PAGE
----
Selected Portion

Nitzavim | נצבים | "Standing "

Portion Outline

  • Torah
    • Deuteronomy 31:1 | Joshua Becomes Moses' Successor
    • Deuteronomy 31:9 | The Law to Be Read Every Seventh Year
    • Deuteronomy 31:14 | Moses and Joshua Receive God's Charge
    • Deuteronomy 31:30 | The Song of Moses
  • Prophets
    • Isaiah 55:1 | An Invitation to Abundant Life
    • Isaiah 56:1 | The Covenant Extended to All Who Obey
    • Isaiah 56:9 | The Corruption of Israel's Rulers

Portion Summary  Read

The name of the fifty-first reading from the Torah is Nitzavim (נצבים), which means “standing.” The name is derived from the first verse of the portion in which Moses says, “You stand (nitzavim) today, all of you, before the LORD your God” (Deuteronomy 29:10). In this portion, Moses invites the entire assembly of Israel to take on the covenant. He warns them that if they sin, they will go into exile, but he also predicts that, in the future, they will repent and God will return them to the land of Israel. In some years, Nitzavim is read together with the subsequent Torah portion, Vayelech, on the same Sabbath.

Portion Commentary  Read

The Greatness of Repentance

Thought for the Week:

A person should repent every day. No one is so holy and righteous that he does not need to repent. Neither is any person so lowly and sinful that he cannot repent.

Commentary:

Return to the LORD your God, you and your children, and obey his voice in all that I command you today, with all your heart and with all your soul. (Deuteronomy 30:2)

Moses told the children of Israel that when they returned to God, He would return to them. The concept of returning to God is called "repentance" (teshuvah, תשובה). It is one of the most important messages of the Bible. Repentance is a central thrust of Yeshua's teaching and the Gospel imperative. Yeshua's message was "Repent, for the kingdom of heaven is at hand" (Matthew 4:17). What is true repentance?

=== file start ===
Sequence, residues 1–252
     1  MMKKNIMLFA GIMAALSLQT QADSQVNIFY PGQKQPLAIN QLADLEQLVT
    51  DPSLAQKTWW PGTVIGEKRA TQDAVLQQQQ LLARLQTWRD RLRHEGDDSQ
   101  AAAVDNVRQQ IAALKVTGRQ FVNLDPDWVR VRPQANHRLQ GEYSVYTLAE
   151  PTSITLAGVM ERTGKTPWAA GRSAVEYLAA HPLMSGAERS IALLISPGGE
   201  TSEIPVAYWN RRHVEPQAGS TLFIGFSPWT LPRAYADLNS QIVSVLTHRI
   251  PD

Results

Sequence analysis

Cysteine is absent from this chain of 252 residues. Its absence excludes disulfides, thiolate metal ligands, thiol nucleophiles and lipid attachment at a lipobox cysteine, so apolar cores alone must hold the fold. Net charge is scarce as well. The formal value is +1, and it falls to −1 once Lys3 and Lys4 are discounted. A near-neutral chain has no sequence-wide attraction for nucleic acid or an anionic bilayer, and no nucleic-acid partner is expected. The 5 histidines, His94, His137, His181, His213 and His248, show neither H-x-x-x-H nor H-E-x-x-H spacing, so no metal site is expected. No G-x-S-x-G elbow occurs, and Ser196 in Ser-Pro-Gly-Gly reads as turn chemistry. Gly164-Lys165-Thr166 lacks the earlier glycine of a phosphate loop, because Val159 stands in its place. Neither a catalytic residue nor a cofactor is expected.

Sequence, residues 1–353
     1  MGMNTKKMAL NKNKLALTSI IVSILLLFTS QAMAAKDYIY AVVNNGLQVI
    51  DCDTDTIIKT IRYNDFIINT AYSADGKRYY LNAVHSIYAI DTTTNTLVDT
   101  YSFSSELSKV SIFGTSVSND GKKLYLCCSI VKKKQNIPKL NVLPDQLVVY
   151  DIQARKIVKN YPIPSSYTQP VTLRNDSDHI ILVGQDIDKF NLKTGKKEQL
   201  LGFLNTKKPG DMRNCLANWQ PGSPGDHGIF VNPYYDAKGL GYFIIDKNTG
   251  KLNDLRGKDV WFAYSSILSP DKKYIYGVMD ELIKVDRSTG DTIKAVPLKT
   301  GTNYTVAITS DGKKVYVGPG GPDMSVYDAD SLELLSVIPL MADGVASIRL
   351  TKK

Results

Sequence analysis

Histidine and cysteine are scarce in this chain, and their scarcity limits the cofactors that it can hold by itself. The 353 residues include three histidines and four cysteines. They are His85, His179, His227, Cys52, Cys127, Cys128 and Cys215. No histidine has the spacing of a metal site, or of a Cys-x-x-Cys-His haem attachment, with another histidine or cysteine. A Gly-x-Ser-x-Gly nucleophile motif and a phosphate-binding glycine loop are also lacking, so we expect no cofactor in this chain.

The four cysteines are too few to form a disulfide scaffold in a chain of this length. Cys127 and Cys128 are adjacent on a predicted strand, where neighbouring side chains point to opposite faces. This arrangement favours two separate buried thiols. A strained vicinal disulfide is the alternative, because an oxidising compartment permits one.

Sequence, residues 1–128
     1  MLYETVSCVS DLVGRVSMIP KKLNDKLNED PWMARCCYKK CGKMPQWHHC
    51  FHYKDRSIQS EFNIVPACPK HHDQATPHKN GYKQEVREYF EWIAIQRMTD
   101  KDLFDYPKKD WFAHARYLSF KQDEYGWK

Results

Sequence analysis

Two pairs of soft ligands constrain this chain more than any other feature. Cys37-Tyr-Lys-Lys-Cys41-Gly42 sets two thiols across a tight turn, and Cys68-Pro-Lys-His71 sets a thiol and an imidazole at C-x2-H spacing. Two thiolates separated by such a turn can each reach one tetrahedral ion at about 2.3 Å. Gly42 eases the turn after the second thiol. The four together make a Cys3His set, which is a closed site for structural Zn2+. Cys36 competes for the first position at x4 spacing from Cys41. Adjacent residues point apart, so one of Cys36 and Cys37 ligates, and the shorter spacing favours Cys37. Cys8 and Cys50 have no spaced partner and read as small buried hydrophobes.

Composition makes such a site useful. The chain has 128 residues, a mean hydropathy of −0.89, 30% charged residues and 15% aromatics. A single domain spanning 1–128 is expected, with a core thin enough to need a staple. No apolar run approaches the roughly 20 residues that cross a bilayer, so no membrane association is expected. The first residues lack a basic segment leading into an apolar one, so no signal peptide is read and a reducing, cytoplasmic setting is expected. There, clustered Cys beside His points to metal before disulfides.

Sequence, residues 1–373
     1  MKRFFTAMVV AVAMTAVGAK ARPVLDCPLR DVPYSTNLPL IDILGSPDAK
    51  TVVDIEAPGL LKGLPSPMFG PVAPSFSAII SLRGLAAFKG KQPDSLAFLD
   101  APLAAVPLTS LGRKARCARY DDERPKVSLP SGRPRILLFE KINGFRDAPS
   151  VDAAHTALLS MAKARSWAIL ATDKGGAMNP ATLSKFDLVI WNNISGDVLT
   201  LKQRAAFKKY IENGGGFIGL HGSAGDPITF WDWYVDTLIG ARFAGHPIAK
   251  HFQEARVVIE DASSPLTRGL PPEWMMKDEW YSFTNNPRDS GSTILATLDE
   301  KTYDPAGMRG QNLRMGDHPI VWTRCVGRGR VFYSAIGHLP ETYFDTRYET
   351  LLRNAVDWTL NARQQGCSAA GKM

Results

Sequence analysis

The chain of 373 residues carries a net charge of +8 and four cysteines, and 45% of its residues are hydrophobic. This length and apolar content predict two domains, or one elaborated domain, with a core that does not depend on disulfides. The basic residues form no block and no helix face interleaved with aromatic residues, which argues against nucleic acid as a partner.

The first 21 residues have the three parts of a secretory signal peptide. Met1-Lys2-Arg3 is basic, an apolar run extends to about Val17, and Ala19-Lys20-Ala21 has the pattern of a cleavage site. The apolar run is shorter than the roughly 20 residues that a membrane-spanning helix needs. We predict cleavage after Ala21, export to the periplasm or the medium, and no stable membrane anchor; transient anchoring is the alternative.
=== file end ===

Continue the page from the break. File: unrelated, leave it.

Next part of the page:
In Hebrew, the verb for "repent" is shuv (שוב). It means "to turn around" or "to turn back and go in the other direction." To repent means "to quit sinning, turn around and start doing good." It is more than just a change of mind; teshuvah demands a change of behavior. It's about starting over fresh and trying to do better. Repentance happens when a man realizes that he has sinned and that his sin is offensive to God; he regrets his misdeed, confesses it, renounces it and endeavors to change his behavior. A person can only repent when he is honest with himself about his faults, shortcomings, character flaws and weaknesses.

God receives sincere repentance. He does not turn away from a person who asks for forgiveness in the name of His Son and earnestly endeavors to change. Instead, God receives that petition and grants the gift of forgiveness. He removes the person's sin and erases records of guilt. He freely accepts the person back into His love.

The person who earnestly repents with his heart and soul and asks for forgiveness in the name of Yeshua is immediately reconnected with God. It is as if a light switch is flipped, and where there was darkness, the room blazes with light. A moment before, the person's sins stood between him and God. At the moment of repentance, the person stands in the very presence of God.

The devil tells a person, "God will not forgive you again. How dare you ask Him for forgiveness? He could never forgive a person like you after what you have done." But no man's sin is so great that the love of God as expressed through Yeshua is not greater still. If God did not spare His own Son for you but was willing that He should be sacrificed for you, His love for you is certainly greater than your sin. God will receive your confession of sin, your prayer for forgiveness and your resolution to do better, even if you must repeat it many times a day.

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This Week:

Shelach

שלח

“Send”

  • Torah reading:
    Numbers 13:1-15:41
  • Prophets reading:
    Joshua 2:1-24
  • Gospel reading:
    Mark 10:1-45

Torah Portions Schedule

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